Broward and Palm Beach counties agreed Monday to let voters cast over-the-counter absentee ballots on Election Day as part of a lawsuit settlement with the Florida Democratic Party.
The party had sued Sunday, asking a Miami federal court to “extend voting opportunities” in Miami-Dade, Broward and Palm Beach, where one out of every three Florida Democrats lives.
As part of the settlement, Broward and Palm Beach also extended office hours Monday for more voters to request, fill out and turn in absentee ballots on the spot — a practice known as in-person absentee voting.
Miami-Dade already lets voters request and cast absentee ballots in person through Election Day, so it did not have to agree to any changes as part of the settlement.
Never miss a local story.
Voters can only request and turn in absentee ballots at elections supervisor’s offices. They cannot be dropped off at individual precincts; voters who show up at their designated polling place with an absentee ballot will be asked to void that ballot and cast a regular one instead.
Hundreds of Miami-Dade voters lined up at the elections headquarters Monday, a day after a temporary shutdown at the site led to widespread confusion.
“Yesterday’s debacle kind of steered us in the right direction,” said Teresa Liberatore, 24, who was in line Monday morning with Matt Preira, 26. The two will be in Orlando on Election Day.
She was reading “Just Kids,” by Patti Smith. He was reading “Love in the Time of Cholera,” by Gabriel García Márquez.
“We knew we’d be here for a while,” Preira said.
They had learned they could vote Monday from a flurry of news coverage Sunday, when the elections office opened to allow in-person absentee voting — only to lock its doors for an hour, prompted by an overwhelming number of voters and by Mayor Carlos Gimenez, who had not been informed about the voting in the first place.
Angry voters stayed in line, chanting and banging on the locked glass doors, until the office reopened. The national media swooped in. Administrators, whose intentions were to accommodate voters, apologized.
On Monday, Miami-Dade Elections Supervisor Penelope Townsley stood before about a dozen television cameras to reassure the public that Election Day would go smoothly.
“I’d like the voters of Miami-Dade County to be confident that we are prepared,” she said.
The county’s 829 precincts — at 541 locations — will be set up Monday. Only 20 locations were open for the eight-day early-voting period, which officially ended Saturday at 7 p.m.
Speaking for the first time publicly about Sunday’s events, Townsley said she and Deputy Mayor Alina Hudak made an “operational decision” to allow voters to request absentee ballots in person Sunday after seeing lines up to seven hours long at early-voting sites Saturday.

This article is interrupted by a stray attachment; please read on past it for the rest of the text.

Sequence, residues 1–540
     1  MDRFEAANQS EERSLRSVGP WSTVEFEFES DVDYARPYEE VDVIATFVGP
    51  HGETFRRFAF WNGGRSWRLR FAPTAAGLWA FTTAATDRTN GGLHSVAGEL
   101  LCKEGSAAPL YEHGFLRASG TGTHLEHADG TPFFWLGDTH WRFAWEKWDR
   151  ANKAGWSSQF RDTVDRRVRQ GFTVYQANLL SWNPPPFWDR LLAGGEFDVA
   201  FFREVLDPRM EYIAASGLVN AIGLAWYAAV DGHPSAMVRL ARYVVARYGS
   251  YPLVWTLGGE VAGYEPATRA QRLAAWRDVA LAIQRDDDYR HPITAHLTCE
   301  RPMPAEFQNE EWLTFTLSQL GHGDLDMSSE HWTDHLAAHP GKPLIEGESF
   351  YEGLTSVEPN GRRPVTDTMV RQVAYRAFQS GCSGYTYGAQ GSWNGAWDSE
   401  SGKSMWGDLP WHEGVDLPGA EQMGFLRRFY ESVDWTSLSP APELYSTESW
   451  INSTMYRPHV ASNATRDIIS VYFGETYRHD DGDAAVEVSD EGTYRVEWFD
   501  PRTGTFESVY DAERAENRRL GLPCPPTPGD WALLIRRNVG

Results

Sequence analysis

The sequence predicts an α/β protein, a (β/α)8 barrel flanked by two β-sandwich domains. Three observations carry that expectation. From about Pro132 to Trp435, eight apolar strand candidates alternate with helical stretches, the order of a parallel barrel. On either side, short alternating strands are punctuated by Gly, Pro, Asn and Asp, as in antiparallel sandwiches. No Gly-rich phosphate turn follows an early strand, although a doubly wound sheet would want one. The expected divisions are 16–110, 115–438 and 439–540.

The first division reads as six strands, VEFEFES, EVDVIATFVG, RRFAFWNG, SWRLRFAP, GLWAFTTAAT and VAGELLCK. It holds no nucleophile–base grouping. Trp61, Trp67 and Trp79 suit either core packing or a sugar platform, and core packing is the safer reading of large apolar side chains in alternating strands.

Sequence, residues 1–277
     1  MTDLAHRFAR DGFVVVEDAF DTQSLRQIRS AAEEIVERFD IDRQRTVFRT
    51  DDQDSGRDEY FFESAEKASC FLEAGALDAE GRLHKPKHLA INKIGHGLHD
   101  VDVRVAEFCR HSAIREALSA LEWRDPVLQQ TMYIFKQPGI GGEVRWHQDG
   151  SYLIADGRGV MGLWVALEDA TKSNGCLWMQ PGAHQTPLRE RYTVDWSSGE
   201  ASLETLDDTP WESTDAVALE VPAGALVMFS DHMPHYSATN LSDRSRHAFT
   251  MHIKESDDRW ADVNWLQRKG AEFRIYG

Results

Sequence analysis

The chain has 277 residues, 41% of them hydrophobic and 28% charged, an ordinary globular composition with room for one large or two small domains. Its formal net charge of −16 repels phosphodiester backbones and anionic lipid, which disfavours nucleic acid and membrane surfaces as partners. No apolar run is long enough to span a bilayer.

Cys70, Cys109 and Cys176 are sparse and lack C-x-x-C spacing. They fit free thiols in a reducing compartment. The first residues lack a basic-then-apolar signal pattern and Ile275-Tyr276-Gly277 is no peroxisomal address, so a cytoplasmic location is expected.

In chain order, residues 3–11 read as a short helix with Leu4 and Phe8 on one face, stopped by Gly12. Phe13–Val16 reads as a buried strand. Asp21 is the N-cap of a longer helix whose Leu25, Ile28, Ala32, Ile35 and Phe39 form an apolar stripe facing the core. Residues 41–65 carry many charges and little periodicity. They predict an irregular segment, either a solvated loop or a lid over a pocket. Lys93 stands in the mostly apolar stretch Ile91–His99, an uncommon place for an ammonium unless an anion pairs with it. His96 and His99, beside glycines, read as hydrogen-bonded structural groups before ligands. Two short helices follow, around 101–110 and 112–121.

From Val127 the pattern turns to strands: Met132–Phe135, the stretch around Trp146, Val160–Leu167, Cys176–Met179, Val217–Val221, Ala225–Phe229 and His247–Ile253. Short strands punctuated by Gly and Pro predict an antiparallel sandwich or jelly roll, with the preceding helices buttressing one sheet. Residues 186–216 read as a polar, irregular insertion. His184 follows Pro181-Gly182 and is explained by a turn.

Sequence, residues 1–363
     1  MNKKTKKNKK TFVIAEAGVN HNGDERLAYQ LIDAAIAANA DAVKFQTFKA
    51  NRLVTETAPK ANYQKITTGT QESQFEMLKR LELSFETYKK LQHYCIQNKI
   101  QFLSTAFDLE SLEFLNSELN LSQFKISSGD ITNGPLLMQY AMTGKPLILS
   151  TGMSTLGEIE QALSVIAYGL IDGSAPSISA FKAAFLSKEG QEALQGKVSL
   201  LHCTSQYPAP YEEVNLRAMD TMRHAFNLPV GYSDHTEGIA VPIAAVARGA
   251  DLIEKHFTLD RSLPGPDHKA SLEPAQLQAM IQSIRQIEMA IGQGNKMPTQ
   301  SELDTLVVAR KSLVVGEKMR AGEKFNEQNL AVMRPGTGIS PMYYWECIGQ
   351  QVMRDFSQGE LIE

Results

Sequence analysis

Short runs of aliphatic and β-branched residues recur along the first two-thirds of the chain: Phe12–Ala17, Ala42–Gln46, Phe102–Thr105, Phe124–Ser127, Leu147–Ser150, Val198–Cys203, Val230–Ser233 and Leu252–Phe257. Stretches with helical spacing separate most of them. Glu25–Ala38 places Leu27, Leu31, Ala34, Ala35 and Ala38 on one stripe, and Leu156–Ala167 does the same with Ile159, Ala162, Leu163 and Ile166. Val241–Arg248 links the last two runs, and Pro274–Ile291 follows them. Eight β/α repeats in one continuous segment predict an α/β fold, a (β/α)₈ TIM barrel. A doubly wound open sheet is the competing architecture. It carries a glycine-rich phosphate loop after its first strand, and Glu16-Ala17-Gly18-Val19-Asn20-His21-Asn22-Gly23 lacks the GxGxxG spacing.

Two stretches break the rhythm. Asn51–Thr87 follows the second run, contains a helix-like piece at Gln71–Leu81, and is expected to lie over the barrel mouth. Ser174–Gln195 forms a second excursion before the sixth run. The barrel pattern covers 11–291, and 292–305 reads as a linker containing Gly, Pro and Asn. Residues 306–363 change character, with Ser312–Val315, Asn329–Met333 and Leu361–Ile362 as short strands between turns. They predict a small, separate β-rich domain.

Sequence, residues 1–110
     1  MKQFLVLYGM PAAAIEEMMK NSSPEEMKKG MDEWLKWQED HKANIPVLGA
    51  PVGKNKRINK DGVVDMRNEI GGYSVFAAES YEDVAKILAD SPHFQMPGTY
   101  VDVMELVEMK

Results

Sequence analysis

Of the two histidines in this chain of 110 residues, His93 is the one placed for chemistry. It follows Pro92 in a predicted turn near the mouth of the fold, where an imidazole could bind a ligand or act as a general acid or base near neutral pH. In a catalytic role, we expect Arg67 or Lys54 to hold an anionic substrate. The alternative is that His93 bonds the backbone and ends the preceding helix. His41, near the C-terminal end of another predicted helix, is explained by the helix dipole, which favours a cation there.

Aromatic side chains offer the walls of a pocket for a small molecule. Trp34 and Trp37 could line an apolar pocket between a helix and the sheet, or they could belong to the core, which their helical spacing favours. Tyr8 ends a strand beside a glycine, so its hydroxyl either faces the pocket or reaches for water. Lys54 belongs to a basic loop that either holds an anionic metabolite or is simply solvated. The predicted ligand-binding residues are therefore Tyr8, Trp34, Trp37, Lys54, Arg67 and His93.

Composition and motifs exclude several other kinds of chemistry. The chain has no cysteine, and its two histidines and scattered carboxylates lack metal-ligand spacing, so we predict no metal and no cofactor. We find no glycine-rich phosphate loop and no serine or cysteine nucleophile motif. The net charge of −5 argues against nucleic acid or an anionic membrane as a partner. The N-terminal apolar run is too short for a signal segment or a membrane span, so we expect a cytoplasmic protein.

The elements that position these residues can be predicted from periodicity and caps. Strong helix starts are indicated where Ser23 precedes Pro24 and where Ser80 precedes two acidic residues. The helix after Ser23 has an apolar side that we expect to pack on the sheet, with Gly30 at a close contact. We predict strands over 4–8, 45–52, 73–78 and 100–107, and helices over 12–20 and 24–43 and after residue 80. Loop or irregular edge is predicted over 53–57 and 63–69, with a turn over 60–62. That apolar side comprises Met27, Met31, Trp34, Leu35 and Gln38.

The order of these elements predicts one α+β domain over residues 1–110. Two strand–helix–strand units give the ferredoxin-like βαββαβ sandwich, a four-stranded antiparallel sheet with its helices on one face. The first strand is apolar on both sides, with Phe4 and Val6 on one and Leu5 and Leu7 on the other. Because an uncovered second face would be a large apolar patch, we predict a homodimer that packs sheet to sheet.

Gimenez found out about the voting Sunday, Townsley said: “He asked that we suspend the operation until he was fully briefed.”
State law allows elections supervisors to offer in-person absentee voting through Election Day — including on weekends, at their discretion.
A county elections spokeswoman said 32 percent of county voters had already cast ballots as of Monday morning, between absentee and early voting.
Among those in line Monday was Vivian Pérez, 49, who said she won’t be able to vote Tuesday because no one else will be available to watch her father-in-law. “A friend called me this morning and said I could vote today, so I called the elections department to confirm it was true,” she said.
Pérez, of Miami, said she planned to vote for Republican presidential candidate Mitt Romney.
“I’m a Republican all the way, until the day I die,” she said.
Daneweise Joseph, 29, came with her 2-year-old Chihuahua — aptly named Liberty — to vote for President Barack Obama, a Democrat.
“I believe in my president,” she said. “He needs that additional time in office.”
For the last presidential election she waited for more than four hours at a North Bay Village precinct, so this time she wanted to vote early. She drove from near Little Haiti and got lost, twice, on her way to Doral, where she faced a two-hour-plus wait.
“That’s a cakewalk compared to what I went through last time,” she said. “I know that lines are going to be ridiculous tomorrow.”
El Nuevo Herald staff writer Melissa Sánchez contributed to this report.